LOUISVILLE, Ky. (AP) — Churchill Downs suspended trainer Bob Baffert from entering horses at the track and suggested that it would invalidate Medina Spirit’s Kentucky Derby victory if the results of a failed postrace drug test are upheld.
The track said in a statement Sunday that failure to comply with the rules and medication protocols jeopardizes the safety of horses and jockeys, the sport’s integrity and the Derby’s reputation.
“Churchill Downs will not tolerate it,” the statement said. “Given the seriousness of the alleged offense, Churchill Downs will immediately suspend Bob Baffert, the trainer of Medina Spirit, from entering any horses at Churchill Downs Racetrack.
“To be clear, if the findings are upheld, Medina Spirit’s results in the Kentucky Derby will be invalidated and Mandaloun will be declared the winner.”
The only horse to be disqualified for medication after winning the Derby is Dancer’s Image in 1968.
Bob Baffert’s frustration was apparent as he tried to digest the latest positive drug test involving one of his prized thoroughbreds.
This one involves Kentucky Derby winner Medina Spirit, Baffert’s fifth horse to fail a drug test in a year, which the Hall of Famer vowed to fight “tooth and nail” in the latest doping scandal for horse racing and arguably the sport’s premier trainer.
Flanked by his attorney Craig Robertson in a morning news conference at Churchill Downs on Sunday, Baffert said his barn was told that Medina Spirit was found to have 21 picograms of the steroid betamethasone, double the legal threshold in Kentucky racing, in a postrace sample.
“I got the biggest gut-punch in racing, for something I didn’t do,” he said.
Betamethasone is the same drug that was found in the system of Gamine, another Baffert-trained horse who finished third in the Kentucky Oaks last September.
Baffert denied any wrongdoing and said he did not know how Medina Spirit could have tested positive. He said Medina Spirit has never been treated with betamethasone and called it “a complete injustice.”
“I don’t feel embarrassed, I feel like I was wronged,” said Baffert, adding that he was going to be transparent with the Kentucky Horse Racing Commission.
“We’re going to show them everything. One thing about it in California, everything is documented every day what the horse gets. This horse was never treated with that. He’s a great horse, he doesn’t deserve this. He ran a gallant race.”
Baffert said his camp received the word of the positive test from Kentucky officials on Saturday. Baffert said Medina Spirit has not been officially disqualified from the Kentucky Derby, though that still could happen after other tests and processes are completed.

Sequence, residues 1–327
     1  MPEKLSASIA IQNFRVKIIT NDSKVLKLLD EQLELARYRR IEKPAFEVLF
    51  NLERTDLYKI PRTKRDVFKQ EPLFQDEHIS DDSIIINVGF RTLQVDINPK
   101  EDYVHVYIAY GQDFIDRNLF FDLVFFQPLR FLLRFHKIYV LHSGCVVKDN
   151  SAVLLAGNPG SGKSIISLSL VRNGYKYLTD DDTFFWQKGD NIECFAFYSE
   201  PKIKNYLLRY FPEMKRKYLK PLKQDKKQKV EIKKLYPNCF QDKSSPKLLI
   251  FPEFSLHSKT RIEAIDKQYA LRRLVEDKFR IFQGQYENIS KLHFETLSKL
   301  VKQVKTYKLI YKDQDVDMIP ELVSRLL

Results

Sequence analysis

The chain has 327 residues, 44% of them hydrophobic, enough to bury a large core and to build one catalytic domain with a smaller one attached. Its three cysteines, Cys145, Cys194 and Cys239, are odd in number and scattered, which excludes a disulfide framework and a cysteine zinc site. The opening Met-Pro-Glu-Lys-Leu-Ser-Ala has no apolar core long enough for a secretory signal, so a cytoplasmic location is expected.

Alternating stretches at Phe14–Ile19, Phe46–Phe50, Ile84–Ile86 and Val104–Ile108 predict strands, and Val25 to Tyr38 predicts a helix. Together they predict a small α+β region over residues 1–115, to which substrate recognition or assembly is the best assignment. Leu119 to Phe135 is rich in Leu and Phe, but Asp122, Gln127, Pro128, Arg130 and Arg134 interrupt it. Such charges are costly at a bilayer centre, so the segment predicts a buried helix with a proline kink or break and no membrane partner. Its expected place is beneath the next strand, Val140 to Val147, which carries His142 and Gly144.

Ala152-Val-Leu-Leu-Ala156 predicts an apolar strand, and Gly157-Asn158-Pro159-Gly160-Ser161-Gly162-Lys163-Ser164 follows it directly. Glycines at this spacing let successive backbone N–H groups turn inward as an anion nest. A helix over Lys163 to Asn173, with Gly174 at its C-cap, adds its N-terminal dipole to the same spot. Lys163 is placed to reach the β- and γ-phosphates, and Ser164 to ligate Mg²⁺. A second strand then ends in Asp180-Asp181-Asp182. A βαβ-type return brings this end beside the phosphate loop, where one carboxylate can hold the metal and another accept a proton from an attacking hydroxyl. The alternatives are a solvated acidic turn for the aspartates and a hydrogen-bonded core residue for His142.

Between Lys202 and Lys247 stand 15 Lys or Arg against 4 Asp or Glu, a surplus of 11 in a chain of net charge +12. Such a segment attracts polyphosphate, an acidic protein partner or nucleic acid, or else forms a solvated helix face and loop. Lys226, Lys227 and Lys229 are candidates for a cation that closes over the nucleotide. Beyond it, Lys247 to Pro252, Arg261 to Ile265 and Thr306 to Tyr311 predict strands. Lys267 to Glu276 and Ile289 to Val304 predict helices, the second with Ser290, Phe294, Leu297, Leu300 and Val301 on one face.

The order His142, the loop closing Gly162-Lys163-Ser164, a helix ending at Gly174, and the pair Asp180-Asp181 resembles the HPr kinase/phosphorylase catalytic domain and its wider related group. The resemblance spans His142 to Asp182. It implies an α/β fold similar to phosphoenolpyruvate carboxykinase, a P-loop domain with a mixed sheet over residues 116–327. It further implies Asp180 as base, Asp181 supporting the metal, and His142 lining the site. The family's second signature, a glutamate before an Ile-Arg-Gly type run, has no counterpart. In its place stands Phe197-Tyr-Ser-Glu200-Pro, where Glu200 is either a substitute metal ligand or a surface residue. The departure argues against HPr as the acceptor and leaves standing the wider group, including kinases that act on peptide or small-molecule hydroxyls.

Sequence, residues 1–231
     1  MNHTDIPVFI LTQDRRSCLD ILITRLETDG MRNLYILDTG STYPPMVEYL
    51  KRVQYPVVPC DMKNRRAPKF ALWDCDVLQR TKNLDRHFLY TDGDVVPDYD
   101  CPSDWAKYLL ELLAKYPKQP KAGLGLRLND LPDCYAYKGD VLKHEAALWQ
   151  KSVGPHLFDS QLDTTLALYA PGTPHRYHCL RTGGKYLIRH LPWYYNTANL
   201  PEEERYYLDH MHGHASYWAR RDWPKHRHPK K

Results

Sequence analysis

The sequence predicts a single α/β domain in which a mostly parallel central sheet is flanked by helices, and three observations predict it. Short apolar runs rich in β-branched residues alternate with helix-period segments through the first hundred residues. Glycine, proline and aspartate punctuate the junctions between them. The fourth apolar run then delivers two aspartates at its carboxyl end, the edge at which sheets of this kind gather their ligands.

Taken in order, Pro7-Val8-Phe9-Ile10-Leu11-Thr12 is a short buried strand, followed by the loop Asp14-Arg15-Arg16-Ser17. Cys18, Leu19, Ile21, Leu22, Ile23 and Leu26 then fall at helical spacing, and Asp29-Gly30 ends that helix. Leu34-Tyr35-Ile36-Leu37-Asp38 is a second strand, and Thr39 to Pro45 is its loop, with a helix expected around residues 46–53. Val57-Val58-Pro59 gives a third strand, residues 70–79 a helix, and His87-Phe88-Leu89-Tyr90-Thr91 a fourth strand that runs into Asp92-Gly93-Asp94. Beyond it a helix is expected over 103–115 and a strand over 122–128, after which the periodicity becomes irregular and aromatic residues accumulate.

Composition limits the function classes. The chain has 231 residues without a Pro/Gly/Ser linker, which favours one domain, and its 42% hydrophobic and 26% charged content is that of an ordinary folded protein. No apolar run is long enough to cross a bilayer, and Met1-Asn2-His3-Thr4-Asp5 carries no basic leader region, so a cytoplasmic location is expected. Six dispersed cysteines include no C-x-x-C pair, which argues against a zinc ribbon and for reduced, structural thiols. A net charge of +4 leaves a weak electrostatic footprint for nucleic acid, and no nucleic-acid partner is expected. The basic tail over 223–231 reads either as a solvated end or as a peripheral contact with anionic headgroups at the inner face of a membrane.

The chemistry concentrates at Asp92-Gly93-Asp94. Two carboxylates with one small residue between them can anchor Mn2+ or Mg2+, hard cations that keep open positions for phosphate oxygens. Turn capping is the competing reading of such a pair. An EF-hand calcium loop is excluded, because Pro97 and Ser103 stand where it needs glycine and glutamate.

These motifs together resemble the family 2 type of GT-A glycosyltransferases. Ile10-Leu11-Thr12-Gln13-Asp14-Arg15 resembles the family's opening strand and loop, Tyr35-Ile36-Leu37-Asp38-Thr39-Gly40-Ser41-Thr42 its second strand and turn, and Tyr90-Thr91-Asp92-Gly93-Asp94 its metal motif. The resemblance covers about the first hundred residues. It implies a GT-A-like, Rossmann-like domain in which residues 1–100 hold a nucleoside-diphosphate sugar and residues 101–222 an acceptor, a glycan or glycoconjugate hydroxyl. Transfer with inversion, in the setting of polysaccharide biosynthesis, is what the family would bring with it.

“This shouldn’t have happened,” Baffert said. “There’s a problem somewhere. It didn’t come from us.”
Medina Spirit won the Kentucky Derby on May 1 by a half-length over Mandaloun, giving Baffert his record-setting seventh victory in the race that starts the Triple Crown season. Medina Spirit is still expected to race in the Preakness, the Triple Crown’s second jewel, on Saturday.
The colt galloped Sunday at Churchill Downs and is expected to leave the track with stablemate Concert Tour and head to Baltimore on Monday.
Baffert was planning to saddle Medina Spirit and Concert Tour in the Preakness, going for a record eighth victory in the second jewel of the Triple Crown. Except for 2020 when the races were run out of order due to the coronavirus pandemic, Baffert is undefeated with a Derby winner in the Preakness, which holds its post position draw Monday.
Last month, Baffert won an appeals case before the Arkansas Racing Commission, which had suspended him for 15 days for a pair of positive drug tests involving two of his horses that won at Oaklawn Park on May 2, 2020. The horses tested positive for lidocaine, a painkiller, which Baffert said they were exposed to inadvertently.
“There’s problems in racing,” Baffert said. “But it’s not Bob Baffert.”
The New York Times said in November 2020 that Baffert-trained horses have failed at least 29 drug tests in his four-decade career.
“I’m worried about our sport,” Baffert said. “Our sport, we’ve taken a lot of hits as a sport. These are pretty serious accusations here, but we’re going to get to the bottom of it and find out. We know we didn’t do it.”
In a statement by the Maryland Jockey Club, they said:
“Integrity in the sport of Thoroughbred horse racing is the ultimate priority for 1/ST RACING and the Maryland Jockey Club (MJC). 1/ST RACING has been an industry leader instituting processes and protocols that have led to nationwide medication reform and increased accountability. We are committed to achieving the highest level of horse care and safety standards, and we have a proven track record of pushing those standards forward.
“1/ST RACING and MJC intend to review the relevant facts and information relating to the reported medication positive as a result of the post-race blood sample testing completed by Churchill Downs following the 147th Kentucky Derby involving Medina Spirit trained by Bob Baffert. We are consulting with the Maryland Racing Commission and any decision regarding the entry of Medina Spirit in the 146thPreakness Stakes will be made after review of the facts.”